andy19191 - I am glad you posted. I was following the recent thread at Diyaudio.com and saw your recommendation "to brace effectively with struts one should triangulate. For example, connecting the centres of adjacent rather than opposite panels" and was going to link to it. These conversations tend to digress into technical issues that may not be "audible at the listening position". In a few bullet points, how would you recommend designing a competently designed speaker in terms of damping and stiffness?
                          That depends on the type of speaker. Subwoofers, 3 ways and 2 ways have different sound radiation issues to address with cabinet design and there is often more than one approach that could be used effectively. This requires something more than a few bullet points if it is to be presented effectively. In particular it needs examples with quantified evidence from detailed predictions and/or measurements.

                          I and one or two others with engineering backgrounds have posted on cabinet stiffness, damping, mass, isolation,... in the past but to little practical effect it would seem. In posts like this people without engineering backgrounds (i.e. most) have difficulty distinguishing between suggestions with a solid engineering basis and those without when there is disagreement. There is an understandable tendency to look to well established DIY speaker enthusiasts with a strong web presence. These people tend not to have an engineering background and tend to propagate recipes they assess to have worked before. Sometimes this assessment has been subjective. This has allowed one or two of the less important aspects of speaker design to become the norm despite being relatively poor in an engineering sense.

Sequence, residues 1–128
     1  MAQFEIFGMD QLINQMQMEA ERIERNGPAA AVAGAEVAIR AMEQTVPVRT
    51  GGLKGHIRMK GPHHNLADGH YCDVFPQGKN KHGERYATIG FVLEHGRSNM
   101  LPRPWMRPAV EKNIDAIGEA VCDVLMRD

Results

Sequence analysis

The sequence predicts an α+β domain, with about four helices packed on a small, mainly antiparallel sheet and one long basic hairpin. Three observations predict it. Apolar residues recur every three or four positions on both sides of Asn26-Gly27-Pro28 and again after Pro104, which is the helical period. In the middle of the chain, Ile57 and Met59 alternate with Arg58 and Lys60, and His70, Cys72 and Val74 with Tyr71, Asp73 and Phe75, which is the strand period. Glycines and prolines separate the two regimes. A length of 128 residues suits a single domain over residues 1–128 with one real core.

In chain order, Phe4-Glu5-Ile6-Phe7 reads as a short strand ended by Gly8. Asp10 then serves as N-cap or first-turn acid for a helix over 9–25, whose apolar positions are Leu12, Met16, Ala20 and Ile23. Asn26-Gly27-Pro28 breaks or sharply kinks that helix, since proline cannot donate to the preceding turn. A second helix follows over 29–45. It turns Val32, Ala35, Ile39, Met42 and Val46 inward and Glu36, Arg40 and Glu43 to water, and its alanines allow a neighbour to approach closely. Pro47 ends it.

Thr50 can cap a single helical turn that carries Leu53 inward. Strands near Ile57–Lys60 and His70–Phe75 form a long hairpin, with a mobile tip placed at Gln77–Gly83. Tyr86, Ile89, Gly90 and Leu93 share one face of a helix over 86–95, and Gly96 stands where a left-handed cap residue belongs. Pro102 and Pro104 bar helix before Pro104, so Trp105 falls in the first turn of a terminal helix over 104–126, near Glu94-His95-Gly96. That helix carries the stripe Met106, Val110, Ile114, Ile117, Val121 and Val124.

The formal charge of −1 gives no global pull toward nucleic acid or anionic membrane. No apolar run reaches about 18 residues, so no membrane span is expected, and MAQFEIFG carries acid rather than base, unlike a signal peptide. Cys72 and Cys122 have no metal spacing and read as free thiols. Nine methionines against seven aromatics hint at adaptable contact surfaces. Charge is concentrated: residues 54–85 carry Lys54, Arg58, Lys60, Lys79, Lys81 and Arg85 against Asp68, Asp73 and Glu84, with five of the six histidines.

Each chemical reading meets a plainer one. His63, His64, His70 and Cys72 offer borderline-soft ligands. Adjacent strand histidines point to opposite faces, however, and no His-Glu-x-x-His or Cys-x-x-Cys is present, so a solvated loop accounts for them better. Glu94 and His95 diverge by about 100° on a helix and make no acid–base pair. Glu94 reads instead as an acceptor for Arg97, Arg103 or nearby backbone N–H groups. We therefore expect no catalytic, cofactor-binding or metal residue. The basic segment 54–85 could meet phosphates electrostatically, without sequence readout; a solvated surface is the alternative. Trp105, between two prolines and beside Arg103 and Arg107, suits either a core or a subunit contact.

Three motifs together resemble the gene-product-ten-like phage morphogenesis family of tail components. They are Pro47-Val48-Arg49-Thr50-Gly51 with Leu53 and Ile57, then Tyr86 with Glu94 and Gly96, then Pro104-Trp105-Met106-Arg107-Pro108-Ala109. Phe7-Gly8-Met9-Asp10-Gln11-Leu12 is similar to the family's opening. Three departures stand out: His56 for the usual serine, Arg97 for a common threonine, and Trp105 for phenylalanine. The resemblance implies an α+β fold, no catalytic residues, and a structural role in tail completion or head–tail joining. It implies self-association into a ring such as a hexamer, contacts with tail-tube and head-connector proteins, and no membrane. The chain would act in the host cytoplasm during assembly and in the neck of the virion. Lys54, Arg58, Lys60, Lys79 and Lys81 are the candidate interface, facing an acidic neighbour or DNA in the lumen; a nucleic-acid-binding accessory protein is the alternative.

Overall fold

The odd specific design aspect like the OPs may benefit from a bullet point or two but the much larger subject of how to design speaker cabinets to be quiet requires rather more.

                          Comment


                          • a4eaudio
                            a4eaudio commented
                            Editing a comment
                            "I and one or two others with engineering backgrounds have posted on cabinet stiffness, damping, mass, isolation,..."
                            Yes, I have appreciated your many posts, even though some of it goes over my head and agree that most people don't try to incorporate the science. I figure if it can be presented in bullets then people would be likely to try. If it is more nuanced (which of course it is) then it may be too much effort and they'll just go with what is on someone's website or YouTube video.

                        • #14
                          Originally posted by andy19191 View Post